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European Under-21 Championship: England made mistakes

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England's hopes of progressing further in the European Under-21 Championships were crushed by a talented Italian side.

The Three Lions finished bottom of a group that they were expected to qualify from, and it is just another major tournament where England has failed. There are a number of reasons as to why it didn't work out for England's young stars, with arguably the main reason being that the squad that travelled to the Czech Republic could have been much stronger had players such as Raheem Sterling and Ross Barkley been picked.

A player is eligible to play for England at under 21 level if they are under the age of 21 at the beginning of the calendar year in which a two-year European Under-21 Football Championship campaign begins, therefore, some players can still be eligible to play until the age of 23.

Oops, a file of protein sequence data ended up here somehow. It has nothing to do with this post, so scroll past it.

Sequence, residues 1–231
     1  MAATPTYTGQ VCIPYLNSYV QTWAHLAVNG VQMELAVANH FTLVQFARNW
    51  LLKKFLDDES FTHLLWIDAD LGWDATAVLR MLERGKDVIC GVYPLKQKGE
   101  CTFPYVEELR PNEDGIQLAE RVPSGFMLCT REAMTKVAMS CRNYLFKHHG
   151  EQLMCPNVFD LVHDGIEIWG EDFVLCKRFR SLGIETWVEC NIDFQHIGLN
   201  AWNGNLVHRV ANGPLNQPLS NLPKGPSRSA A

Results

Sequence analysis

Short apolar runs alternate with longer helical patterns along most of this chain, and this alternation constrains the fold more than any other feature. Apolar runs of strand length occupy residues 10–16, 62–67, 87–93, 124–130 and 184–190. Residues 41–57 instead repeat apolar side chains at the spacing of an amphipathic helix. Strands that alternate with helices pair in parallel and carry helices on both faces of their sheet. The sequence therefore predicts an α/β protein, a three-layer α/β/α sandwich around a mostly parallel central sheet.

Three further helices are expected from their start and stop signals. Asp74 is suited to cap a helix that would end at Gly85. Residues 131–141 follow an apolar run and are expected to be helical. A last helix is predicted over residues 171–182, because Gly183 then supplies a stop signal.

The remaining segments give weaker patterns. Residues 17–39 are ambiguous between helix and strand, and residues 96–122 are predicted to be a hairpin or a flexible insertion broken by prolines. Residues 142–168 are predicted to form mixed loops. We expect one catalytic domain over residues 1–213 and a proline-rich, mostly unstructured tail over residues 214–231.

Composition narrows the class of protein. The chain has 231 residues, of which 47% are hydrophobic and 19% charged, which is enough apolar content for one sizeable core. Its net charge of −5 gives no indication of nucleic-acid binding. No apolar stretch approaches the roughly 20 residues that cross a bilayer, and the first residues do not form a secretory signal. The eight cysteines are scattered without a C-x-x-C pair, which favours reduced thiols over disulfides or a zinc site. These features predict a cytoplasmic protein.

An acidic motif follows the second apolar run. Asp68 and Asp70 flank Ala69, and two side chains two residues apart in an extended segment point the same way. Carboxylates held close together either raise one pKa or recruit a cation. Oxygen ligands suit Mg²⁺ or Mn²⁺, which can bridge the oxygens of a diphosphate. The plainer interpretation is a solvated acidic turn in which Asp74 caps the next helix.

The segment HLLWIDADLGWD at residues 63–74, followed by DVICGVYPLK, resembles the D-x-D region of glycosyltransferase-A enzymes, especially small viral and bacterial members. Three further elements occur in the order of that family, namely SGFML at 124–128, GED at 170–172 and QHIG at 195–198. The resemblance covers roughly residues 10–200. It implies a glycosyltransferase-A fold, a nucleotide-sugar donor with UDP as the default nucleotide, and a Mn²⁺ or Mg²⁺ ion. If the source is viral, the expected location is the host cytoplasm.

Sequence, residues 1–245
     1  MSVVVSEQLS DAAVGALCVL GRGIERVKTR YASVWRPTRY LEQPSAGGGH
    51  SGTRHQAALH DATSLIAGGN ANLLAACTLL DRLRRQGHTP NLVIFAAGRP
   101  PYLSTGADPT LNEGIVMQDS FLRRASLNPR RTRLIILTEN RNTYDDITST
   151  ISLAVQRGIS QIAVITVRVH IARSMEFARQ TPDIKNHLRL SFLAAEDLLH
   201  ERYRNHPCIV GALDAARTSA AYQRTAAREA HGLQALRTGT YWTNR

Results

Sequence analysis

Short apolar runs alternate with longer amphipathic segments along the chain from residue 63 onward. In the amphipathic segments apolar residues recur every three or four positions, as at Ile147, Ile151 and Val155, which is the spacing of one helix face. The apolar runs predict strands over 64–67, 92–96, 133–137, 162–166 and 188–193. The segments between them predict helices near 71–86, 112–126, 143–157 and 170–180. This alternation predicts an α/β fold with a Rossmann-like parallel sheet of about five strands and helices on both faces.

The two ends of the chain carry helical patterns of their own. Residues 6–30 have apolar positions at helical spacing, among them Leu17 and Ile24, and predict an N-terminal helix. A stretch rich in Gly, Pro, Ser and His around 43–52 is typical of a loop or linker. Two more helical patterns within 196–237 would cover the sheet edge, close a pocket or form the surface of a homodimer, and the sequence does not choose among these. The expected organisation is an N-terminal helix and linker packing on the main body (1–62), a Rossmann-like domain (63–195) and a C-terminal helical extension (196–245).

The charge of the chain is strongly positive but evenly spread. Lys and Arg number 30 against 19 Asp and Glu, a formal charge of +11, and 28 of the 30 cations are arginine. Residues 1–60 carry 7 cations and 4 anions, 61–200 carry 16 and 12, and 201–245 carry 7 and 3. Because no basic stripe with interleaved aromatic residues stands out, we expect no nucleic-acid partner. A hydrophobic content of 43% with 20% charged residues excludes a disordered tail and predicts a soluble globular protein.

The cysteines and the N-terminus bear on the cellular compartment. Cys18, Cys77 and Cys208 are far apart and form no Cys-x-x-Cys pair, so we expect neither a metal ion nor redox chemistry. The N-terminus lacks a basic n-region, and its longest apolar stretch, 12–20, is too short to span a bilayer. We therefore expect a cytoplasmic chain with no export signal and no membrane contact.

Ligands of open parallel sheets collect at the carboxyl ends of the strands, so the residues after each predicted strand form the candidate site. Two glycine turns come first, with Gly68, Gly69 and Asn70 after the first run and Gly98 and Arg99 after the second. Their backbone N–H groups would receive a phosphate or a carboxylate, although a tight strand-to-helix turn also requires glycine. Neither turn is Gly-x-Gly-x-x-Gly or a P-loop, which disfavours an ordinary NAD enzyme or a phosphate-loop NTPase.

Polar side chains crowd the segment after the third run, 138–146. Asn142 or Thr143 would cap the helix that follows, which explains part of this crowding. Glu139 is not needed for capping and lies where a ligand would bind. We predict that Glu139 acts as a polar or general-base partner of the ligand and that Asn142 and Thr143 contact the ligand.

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There were high hopes for England's chances in this tournament, with players such as Harry Kane, John Stones and Danny Ings, there was a widespread belief that England were amongst the favourites to win the competition. However, this simply turned out not to be the case.

The campaign started with a poor display during a 1-0 defeat to a very strong Portugal side. There was no shame in this defeat; however it set the tone for the rest of the tournament. A 1-0 victory of Sweden thanks to a late Jesse Lingard goal saved England's blushes after a lacklustre performance which threatened to send England crashing out of the tournament before the third and final game against Italy. The late goal from Lingard gave England a great opportunity to qualify for the semi-finals despite not necessarily playing well.

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Disappointing England